Hope you are all ready for another Friday news roundup! It’s Friday, March 24th and we are going to take a look at what happened this week in accessibility. We are going to talk about why businesses need to fix their accessibility issues for the good of the economy, how Singapore is creating a higher standard of web accessibility for its elderly residents, and a new and exciting accessibility app that was developed in Qatar.
Yet Another Reason Workplace Accessibility Needs to Happen
There are just so many reasons why workplace accessibility needs to start becoming standard. I know that a lot of people with disabilities have trouble finding jobs that meet their needs, and it keeps some of them out of the workforce. Still others are afraid to disclose their disability even though they should not face employment discrimination. That little checkbox asking you to self-identify as disabled is a gamble for many who wonder if it will impact their chances of getting hired.
We all know that ethically, this should never be the case. Keeping highly qualified people out of the workforce is just wrong. stuff online gives us yet another reason to help make the workplaces of the world accessible, “A report by the New Zealand Institute of Economic Research in February 2017 showed if 14,000 of those people were employed within the next 10 years, $270 million could be saved in benefits and $1.5 billion added to our economy.” That’s huge for any economy, and an economic incentive to create more inclusive workspaces.
I’m sure you are probably thinking that is great for the economy, but the cost to each workplace to bring it up to code is going to be insurmountable. Surprisingly this really isn’t true according to the article, “…hiring disabled people would come at little cost to organisations, estimating an average of C$500 per disabled person’s career in Canada.” Yes, that number will vary depending on where the business is and what modifications need to be made. However, it is a small price to pay to ensure that businesses are not excluding great workers just because of accessibility issues.
Singapore is Making Tech Accessible for the Aging Population
At UserWay, we talk a fair amount about how to make sure that technology grows with us. That includes making sure that the features we know and love are still accessible even when we begin to experience age-related issues such as vision or mobility loss. Singapore is aware of these issues as well, and has developed a standard set of over 600 guidelines to help make digital content more accessible to the elderly in the area. It’s nice to know that the consideration for web accessibility is being considered and evaluated at such a high level, and hopefully website owners will heed the recommendations.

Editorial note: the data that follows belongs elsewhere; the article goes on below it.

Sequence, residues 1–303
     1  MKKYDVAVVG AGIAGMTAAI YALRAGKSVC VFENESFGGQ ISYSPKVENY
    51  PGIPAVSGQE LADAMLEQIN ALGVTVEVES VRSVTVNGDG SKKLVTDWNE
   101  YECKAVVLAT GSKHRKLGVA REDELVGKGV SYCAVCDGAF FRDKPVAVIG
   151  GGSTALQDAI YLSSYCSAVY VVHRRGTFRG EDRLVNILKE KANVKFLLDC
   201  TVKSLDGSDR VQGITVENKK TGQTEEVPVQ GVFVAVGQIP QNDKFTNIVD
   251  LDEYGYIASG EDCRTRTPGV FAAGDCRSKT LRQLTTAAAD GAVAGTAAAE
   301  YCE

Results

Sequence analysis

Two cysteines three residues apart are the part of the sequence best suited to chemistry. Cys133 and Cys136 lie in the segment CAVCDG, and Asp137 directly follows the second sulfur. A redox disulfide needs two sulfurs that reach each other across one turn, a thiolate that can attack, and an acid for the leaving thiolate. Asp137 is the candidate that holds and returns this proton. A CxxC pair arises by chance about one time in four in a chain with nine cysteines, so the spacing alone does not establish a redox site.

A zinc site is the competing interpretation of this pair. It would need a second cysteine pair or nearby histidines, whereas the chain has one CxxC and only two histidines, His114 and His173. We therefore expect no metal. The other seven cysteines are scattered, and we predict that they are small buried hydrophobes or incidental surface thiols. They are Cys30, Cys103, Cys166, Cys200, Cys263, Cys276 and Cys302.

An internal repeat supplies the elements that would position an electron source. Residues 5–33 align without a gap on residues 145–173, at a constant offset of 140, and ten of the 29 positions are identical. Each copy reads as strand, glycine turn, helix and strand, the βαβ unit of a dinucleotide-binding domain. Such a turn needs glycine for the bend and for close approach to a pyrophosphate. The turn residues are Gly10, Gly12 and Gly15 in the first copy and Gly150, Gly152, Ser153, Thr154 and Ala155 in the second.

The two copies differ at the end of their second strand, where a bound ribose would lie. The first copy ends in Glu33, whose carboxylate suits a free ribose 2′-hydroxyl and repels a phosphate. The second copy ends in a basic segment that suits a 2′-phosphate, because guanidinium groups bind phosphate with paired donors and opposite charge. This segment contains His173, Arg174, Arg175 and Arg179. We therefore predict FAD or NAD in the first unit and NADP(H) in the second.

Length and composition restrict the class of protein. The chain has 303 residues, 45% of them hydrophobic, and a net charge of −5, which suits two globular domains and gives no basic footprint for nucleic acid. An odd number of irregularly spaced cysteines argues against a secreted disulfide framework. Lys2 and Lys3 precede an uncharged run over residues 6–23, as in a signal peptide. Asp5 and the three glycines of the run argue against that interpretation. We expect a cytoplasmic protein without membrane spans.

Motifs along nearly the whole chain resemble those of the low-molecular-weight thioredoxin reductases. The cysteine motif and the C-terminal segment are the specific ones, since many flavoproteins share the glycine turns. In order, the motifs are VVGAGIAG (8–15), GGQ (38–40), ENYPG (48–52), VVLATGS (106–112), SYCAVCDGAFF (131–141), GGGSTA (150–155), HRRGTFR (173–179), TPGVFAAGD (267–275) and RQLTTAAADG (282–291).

This new and useful app won in the Inclusion & Empowerment category the at the World Summit Awards. According to the app’s official website, “Accessible Qatar, an initiative by Sasol, is a smart phone application and website, where the disabled community is able to view the public and touristic locations and outlets in Qatar and see whether they are accessible and in what way.”
#I am starting to see a pretty significant influx in people tracking and sharing accessibility information about cities, tourist spots, restaurants, and more. The more this information is shared and considered the better in my opinion. For one thing, it will remove the mystery of whether or not a place will be accessible when you get there. That feeling of going somewhere you were looking forward to experiencing only to find it’s inaccessible should never happen to anyone.
Apps and websites that keep everyone aware of any accessibility considerations can help to reduce how often those situations occur. Another potential outcome is that places will start to upgrade their accessibility to ensure they get better ratings. The Accessible Qatar website notes that this is a potential benefit, so let’s hope the more accessibility information we all share, the more improvements are made!
Were there any news stories or articles that you found interesting this week? What types of accessibility stories have you been following? Any new technology that you’ve come across to boost accessibility? Share your thoughts in the comments below!